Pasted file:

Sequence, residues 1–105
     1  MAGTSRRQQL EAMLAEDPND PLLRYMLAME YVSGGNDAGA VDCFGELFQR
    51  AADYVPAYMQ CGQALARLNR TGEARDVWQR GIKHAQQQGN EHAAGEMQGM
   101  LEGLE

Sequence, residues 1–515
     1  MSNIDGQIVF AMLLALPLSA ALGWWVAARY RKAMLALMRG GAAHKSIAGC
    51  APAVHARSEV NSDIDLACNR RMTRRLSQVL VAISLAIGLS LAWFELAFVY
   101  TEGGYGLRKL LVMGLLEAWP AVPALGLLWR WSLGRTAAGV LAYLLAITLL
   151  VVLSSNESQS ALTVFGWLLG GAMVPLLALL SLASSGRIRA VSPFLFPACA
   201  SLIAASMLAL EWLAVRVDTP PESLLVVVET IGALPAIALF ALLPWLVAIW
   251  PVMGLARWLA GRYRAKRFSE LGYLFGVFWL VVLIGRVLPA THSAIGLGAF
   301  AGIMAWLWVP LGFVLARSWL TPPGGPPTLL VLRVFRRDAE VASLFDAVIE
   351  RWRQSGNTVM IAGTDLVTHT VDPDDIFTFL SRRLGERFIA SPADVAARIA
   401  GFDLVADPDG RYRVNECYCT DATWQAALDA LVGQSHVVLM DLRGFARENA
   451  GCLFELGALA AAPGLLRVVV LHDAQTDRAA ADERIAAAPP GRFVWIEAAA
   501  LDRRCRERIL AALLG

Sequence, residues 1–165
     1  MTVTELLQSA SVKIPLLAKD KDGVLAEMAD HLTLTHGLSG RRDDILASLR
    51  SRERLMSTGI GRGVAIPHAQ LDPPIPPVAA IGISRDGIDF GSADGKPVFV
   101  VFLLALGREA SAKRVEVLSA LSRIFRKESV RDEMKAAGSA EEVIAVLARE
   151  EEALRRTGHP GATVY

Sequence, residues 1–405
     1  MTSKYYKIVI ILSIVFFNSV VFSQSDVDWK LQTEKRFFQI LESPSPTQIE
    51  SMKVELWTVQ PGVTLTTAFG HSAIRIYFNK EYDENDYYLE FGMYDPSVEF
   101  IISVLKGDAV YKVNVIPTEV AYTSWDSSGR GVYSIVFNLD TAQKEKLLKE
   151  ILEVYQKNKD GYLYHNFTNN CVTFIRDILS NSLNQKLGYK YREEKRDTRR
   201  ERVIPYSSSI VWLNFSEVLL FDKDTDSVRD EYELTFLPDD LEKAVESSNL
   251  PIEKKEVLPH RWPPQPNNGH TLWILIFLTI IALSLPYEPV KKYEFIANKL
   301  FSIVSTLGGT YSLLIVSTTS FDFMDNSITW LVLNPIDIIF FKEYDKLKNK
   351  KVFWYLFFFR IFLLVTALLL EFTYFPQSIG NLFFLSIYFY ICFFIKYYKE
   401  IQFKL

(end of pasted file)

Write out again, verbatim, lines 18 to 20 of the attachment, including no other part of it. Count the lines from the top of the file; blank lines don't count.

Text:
     1  MTVTELLQSA SVKIPLLAKD KDGVLAEMAD HLTLTHGLSG RRDDILASLR
    51  SRERLMSTGI GRGVAIPHAQ LDPPIPPVAA IGISRDGIDF GSADGKPVFV
   101  VFLLALGREA SAKRVEVLSA LSRIFRKESV RDEMKAAGSA EEVIAVLARE